Joining the BRICS Bouquet

by Abu Hurrairah Abbasi

The BRICS, aimed at fostering collaboration among Brazil, Russia, India, China, and South Africa, is currently broadening its scope. The conference in Johannesburg from August 22 to 24 extended invitations to Argentina, Egypt, Ethiopia, Iran, Saudi Arabia, and the United Arab Emirates to become members of BRICS.

The question regarding Pakistan’s potential membership in BRICS is evidence of the significance of BRICS. The alliance has garnered significant global recognition, prompting many nations to express their aspirations to join its ranks.

The BRICS collective surpasses the G7 in purchasing power parity, encompassing around 27% of the Earth’s land surface, 42% of the worldwide population, and 33% of the global GDP. All five constituent nations of the BRICS alliance also participate in the G20. The current situation is quite intriguing.

According to the chair of the 2023 summit in South Africa, a significant number of nations, estimated to be around thirty-six, have expressed their interest in becoming members of BRICS. These countries include Iran, Saudi Arabia, the United Arab Emirates, Argentina, Algeria, Bolivia, Indonesia, Egypt, Ethiopia, Cuba, the Democratic Republic of Congo, Comoros, Gabon, and Kazakhstan. These nations saw BRICS as a viable substitute for the conventional Western-centric financial industry that relies on the US Dollar. The BRICS nations are currently considering the possibility of introducing a new currency that is backed by gold. This initiative aims to provide an alternative to the dominant position of the US Dollar, which many developing countries favor.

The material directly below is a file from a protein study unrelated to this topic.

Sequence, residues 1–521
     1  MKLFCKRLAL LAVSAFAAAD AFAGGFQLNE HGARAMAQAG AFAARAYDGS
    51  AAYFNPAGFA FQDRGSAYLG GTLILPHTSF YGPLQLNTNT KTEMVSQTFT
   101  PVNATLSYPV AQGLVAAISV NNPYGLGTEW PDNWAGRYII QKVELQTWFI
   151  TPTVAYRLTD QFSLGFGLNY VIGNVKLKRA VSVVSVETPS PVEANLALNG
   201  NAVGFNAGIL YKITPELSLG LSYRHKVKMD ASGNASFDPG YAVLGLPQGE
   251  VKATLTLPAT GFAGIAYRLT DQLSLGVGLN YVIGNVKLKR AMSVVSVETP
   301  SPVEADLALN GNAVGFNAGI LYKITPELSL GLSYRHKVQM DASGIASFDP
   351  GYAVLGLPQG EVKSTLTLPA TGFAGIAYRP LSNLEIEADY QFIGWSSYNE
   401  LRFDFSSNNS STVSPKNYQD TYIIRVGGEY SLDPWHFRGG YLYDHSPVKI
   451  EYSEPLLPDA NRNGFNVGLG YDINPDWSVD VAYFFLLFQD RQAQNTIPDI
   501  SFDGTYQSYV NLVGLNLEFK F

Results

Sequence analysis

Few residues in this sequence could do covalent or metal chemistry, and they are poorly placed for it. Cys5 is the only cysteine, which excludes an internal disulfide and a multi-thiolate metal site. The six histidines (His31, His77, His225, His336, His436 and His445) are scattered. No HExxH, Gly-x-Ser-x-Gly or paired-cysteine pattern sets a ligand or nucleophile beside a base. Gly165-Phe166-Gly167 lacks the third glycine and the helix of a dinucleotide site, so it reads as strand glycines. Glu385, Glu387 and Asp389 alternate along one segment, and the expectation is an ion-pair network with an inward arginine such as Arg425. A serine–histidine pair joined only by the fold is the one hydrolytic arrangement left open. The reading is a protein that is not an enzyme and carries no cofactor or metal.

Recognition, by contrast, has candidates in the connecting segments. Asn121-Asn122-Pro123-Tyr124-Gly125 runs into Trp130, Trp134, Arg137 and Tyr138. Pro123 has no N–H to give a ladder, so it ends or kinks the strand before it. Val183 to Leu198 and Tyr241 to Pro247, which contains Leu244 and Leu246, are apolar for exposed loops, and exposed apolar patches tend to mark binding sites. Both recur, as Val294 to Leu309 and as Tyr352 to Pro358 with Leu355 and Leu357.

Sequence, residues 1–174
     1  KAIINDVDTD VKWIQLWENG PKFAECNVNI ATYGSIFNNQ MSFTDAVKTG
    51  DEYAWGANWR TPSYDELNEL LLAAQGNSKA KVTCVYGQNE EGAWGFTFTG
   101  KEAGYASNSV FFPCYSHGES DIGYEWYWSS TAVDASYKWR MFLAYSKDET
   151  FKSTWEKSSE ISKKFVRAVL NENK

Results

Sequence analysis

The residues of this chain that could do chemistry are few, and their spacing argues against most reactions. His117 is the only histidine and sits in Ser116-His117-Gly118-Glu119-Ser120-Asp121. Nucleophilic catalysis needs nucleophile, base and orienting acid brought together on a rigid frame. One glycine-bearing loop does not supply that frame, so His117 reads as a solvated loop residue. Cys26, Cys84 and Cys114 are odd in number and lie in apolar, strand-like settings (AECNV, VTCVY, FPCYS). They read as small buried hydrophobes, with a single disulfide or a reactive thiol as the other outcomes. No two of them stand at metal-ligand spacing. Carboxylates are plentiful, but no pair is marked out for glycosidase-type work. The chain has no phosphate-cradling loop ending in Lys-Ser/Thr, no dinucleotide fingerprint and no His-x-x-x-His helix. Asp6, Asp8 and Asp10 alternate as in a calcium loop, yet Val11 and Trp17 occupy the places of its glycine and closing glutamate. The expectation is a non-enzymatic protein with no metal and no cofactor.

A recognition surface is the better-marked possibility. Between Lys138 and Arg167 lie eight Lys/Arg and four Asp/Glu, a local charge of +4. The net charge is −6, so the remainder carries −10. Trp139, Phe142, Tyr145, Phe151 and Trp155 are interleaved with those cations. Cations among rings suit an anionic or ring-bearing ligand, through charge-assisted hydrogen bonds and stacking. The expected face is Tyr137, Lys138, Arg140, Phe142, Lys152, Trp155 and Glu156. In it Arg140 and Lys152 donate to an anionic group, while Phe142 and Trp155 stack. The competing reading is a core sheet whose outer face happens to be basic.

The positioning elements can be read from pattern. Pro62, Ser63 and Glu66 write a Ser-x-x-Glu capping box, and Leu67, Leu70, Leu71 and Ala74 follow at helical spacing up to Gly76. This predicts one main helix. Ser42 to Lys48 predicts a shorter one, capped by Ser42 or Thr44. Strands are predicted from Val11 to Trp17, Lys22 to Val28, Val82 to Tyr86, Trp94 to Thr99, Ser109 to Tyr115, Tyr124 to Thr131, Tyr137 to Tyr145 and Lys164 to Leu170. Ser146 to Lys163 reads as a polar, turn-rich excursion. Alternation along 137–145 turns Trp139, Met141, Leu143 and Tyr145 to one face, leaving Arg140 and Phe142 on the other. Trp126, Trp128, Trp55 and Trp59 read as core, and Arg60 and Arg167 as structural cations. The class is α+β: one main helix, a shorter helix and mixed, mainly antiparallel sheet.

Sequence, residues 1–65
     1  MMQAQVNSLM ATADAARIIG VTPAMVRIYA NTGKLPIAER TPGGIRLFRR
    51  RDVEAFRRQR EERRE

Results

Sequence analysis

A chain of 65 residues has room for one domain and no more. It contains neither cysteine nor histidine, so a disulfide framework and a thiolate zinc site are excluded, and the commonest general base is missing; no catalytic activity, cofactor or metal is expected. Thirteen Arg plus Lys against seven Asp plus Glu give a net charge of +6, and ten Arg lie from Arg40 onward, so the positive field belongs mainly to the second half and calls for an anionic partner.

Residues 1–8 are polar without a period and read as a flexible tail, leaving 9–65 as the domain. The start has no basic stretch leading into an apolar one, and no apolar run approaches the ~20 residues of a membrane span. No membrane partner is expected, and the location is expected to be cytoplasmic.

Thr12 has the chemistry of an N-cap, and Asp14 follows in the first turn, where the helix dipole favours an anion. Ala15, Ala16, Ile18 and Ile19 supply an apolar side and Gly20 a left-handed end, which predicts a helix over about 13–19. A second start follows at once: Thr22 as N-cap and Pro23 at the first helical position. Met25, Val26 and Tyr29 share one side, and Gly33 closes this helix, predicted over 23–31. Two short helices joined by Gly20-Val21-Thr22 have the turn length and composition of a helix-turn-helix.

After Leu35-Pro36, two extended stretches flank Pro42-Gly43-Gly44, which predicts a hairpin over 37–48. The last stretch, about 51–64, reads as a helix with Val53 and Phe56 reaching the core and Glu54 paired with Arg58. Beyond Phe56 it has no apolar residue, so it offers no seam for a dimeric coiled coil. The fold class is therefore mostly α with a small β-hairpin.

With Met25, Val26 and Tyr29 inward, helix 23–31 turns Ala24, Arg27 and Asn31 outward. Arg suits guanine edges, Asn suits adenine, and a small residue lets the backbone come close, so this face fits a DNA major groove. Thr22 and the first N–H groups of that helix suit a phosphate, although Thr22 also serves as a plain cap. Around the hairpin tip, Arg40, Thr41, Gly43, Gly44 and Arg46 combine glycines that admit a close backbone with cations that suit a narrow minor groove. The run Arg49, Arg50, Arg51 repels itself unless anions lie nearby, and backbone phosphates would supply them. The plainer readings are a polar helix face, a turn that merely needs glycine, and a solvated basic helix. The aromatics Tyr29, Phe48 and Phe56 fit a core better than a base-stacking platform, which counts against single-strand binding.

The current paradigm no longer adheres to the dichotomy of “with or without us” but instead embraces the concept of inclusivity, wherein the involvement of all states characterizes the new normal.

Hence, Pakistan cannot remain detached from these developments and alternative options. Given Pakistan’s existing involvement in the One Belt One Road Initiative and the CPEC, it would be advisable for Pakistan to contemplate the prospect of joining the BRICS alliance. The citizens of Pakistan express dissatisfaction with the absence of an invitation for their country to participate in the Johannesburg Summit and its exclusion from the BRICS Plus initiative. On August 25, the Foreign Office (FO) spokesperson addressed the inquiries by indicating that Pakistan will carefully assess the recent developments and decide on future involvement with the organization.

She expressed, “Pakistan strongly advocates for the principles of multilateralism.” Given the circumstances, it would be logical for Pakistan to consider membership in the expanded BRICS, an emerging global organization representing countries in the Global South.